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White House feared Trump would be 'tricked' into backing immigration deal

Donald Trump's "willingness to suddenly change his position" is making negotiations impossible.
The sun rises near the White House on Nov. 8, 2016 in Washington, DC. (Photo by Zach Gibson/Getty)
The sun rises near the White House on Nov. 8, 2016 in Washington, DC. 

There was every reason to hope last week that policymakers would work out a deal on immigration and prevent a government shutdown. Donald Trump urged lawmakers to work out a bipartisan agreement, which he vowed to support, explicitly telling them that he didn't care what was in it.

And so, on Thursday, the president talked to Sen. Dick Durbin (D-Ill.) on the phone, and the Illinois Democrat explained that a bipartisan deal was in place. Trump asked if Sen. Lindsey Graham (R-S.C.) was on board, and Durbin said he was. The president then invited Durbin and Graham to the White House for a meeting to discuss the deal.

Graham and Durbin thought the discussion would be with Trump. Instead, they arrived to discover that far-right opponents of the bipartisan deal -- including Rep. Bob Goodlatte (R-Va.) and Sen. Tom Cotton (R-Ark.) -- would also be part of the meeting.

The Washington Post  reported overnight that the president, after signaling support for the Senate agreement, quickly switched gears, telling the meeting's participants "he wasn't interested in the terms of the bipartisan deal that Durbin and Graham had been putting together." It was at this same meeting that Trump dismissed immigrants from "shithole countries."

So, what happened? This happened.

[S]ome White House officials, including conservative adviser Stephen Miller, feared that Graham and Durbin would try to trick Trump into signing a bill that was damaging to him and would hurt him with his political base. As word trickled out Thursday morning on Capitol Hill that Durbin and Graham were heading over to the White House, legislative affairs director Marc Short began to make calls to lawmakers and shared many of Miller's concerns.Soon, Goodlatte, one of the more conservative House members on immigration, was headed to the White House. Trump also called House Majority Leader Kevin McCarthy (R-Calif.) and asked him to come, McCarthy said. Sens. David Perdue (R-Ga.) and Cotton were also invited to rush over.

And this, in a nutshell, is why negotiations with the White House are effectively impossible.

Regular readers may recall that during last year's drama over health care, it was an open secret that Republicans were terrified of the prospect of Donald Trump negotiating directly with Democratic leaders. The fear, of course, was that the amateur president would sit down Nancy Pelosi and Chuck Schumer, he'd find their pitch compelling; and Trump would end up giving Dems everything they asked for.

Those fears haven't gone away. In fact, they've solidified to the point that some in the president's orbit believe Trump, uninterested in any of the substantive details of public policy, would've been "tricked" into backing the bipartisan immigration deal -- and by "trick," I mean he would've listened to Dick Durbin and Lindsey Graham, nodded along as if he were paying attention, and then endorsed their agreement.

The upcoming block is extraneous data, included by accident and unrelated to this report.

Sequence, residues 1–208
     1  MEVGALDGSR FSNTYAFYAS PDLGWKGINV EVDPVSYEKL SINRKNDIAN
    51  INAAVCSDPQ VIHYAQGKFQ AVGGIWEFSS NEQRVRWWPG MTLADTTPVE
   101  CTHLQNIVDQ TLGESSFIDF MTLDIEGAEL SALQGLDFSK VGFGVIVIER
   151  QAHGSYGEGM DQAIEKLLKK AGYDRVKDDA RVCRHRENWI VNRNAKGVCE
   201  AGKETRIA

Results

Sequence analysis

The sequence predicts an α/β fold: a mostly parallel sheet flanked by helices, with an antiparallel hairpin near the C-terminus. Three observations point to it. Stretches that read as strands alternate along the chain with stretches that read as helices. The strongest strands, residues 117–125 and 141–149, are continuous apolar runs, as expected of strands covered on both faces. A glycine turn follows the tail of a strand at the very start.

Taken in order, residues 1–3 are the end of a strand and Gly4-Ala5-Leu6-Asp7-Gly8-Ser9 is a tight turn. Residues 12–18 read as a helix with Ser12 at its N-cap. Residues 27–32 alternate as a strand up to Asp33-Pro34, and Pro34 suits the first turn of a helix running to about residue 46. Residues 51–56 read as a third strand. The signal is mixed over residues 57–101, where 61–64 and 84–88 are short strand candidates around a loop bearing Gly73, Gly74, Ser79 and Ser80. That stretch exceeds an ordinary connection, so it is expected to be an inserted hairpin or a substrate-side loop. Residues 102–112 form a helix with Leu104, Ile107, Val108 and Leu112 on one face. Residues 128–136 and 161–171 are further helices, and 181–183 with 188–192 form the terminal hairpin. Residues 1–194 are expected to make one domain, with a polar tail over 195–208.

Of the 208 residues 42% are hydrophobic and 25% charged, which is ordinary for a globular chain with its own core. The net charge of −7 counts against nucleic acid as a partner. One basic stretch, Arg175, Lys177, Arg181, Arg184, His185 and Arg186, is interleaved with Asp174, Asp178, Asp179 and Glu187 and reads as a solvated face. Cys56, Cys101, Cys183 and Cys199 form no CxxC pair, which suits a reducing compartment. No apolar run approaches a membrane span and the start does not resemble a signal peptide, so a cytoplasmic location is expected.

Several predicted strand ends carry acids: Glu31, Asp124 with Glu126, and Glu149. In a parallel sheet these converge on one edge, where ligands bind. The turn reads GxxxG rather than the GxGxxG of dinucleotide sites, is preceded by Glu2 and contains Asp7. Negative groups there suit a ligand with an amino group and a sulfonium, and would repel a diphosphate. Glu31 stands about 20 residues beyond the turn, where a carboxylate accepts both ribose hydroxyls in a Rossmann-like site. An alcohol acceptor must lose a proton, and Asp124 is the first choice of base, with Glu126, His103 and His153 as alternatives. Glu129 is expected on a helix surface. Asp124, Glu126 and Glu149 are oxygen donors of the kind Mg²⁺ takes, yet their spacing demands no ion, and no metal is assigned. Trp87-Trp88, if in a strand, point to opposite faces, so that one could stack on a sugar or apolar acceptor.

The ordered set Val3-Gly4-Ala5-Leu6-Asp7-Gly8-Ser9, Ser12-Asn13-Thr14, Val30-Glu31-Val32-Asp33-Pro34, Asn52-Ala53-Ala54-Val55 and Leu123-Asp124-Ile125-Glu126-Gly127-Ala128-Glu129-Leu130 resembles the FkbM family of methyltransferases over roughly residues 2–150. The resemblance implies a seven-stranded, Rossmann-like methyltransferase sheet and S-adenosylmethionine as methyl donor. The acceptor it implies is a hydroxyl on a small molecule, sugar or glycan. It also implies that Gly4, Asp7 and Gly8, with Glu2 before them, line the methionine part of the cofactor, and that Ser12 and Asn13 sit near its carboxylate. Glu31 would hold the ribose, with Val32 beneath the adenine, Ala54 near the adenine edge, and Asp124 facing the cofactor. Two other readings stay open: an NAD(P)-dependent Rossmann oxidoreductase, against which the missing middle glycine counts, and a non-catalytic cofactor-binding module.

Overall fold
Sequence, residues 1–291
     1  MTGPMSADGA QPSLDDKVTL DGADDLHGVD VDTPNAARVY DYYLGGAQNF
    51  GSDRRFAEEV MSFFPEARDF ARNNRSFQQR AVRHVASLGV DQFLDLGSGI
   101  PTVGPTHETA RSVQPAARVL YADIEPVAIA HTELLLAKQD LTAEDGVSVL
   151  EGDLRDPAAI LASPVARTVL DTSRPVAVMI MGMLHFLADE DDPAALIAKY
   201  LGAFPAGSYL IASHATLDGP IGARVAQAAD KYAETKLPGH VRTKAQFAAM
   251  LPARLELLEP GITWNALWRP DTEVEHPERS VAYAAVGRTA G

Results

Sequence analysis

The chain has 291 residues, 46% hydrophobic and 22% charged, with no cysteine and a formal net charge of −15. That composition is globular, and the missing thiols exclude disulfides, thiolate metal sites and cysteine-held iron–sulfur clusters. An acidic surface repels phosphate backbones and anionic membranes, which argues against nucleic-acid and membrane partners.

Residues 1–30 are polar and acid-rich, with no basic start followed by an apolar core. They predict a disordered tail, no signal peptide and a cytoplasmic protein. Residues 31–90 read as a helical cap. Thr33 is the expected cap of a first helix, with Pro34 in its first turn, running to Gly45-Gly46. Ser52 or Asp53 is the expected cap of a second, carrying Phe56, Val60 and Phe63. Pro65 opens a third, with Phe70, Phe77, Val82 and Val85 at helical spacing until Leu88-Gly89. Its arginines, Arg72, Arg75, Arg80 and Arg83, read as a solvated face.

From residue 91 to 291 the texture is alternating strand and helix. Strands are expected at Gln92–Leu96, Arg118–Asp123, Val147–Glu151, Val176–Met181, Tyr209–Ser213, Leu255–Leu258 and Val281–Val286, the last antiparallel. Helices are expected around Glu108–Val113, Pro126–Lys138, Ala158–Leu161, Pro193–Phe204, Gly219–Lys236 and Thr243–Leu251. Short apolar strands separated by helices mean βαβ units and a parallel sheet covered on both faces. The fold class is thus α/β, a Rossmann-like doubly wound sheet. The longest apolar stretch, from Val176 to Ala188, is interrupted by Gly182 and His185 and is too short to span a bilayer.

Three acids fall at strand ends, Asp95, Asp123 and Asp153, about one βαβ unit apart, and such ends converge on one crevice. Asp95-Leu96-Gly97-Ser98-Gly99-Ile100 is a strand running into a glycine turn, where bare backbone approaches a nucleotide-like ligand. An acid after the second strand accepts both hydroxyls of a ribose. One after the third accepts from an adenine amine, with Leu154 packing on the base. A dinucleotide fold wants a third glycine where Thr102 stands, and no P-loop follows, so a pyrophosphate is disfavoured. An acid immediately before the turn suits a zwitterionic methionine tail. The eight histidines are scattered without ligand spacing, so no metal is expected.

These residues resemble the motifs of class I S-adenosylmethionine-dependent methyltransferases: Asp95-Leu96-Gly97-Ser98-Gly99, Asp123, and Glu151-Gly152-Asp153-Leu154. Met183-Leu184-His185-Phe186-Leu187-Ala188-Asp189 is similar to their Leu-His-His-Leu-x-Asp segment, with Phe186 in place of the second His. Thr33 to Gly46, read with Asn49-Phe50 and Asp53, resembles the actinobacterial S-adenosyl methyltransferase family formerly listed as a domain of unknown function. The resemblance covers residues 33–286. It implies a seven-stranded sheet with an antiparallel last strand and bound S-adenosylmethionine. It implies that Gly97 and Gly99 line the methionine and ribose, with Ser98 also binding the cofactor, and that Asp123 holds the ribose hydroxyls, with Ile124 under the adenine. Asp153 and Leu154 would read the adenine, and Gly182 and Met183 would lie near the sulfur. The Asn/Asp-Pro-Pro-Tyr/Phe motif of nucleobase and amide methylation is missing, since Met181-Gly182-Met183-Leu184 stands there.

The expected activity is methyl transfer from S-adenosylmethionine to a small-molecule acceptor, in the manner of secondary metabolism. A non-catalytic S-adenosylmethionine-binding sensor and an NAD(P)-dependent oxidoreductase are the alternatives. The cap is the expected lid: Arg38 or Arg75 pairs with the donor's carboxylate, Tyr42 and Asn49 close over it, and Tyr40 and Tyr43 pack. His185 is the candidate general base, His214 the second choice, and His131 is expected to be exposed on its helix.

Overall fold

Since Miller and far-right lawmakers didn't want that outcome, they rushed over to the White House to persuade him not to go along with the bipartisan compromise.

The Post's article added, "Trump's ping-ponging from dealmaking to feuding, from elation to fury, has come to define the contentious immigration talks between the White House and Congress, perplexing members of both parties as they navigate the president's vulgarities, his combativeness and his willingness to suddenly change his position."

No one can say with any confidence what Trump will say, think, endorse, or tweet any given moment. Negotiating with him is pointless, since he's likely to agree with the last person he speaks to -- until someone else walks in the room and convinces him to reverse course.

Indeed, we saw this play out just last week, when Trump briefly endorsed a clean DACA bill proposed by a Senate Democrat, only to have a House Republican remind him that this wasn't his position.

TPM had a report last week that added, "The president's tendency to change positions as frequently as he orders Diet Cokes is once again causing a major headache for lawmakers as they attempt to craft policies without a clear idea of what the White House is willing to support. With no agreement yet on whether a DACA deal will be a part of the Jan. 19 spending bill, what the exact status for the 800,000 impacted young immigrants would be, and what forms of 'border security' Trump is demanding, the mass confusion is raising the potential for a government shutdown."

Current funding for the government expires on Friday night. Watch this space.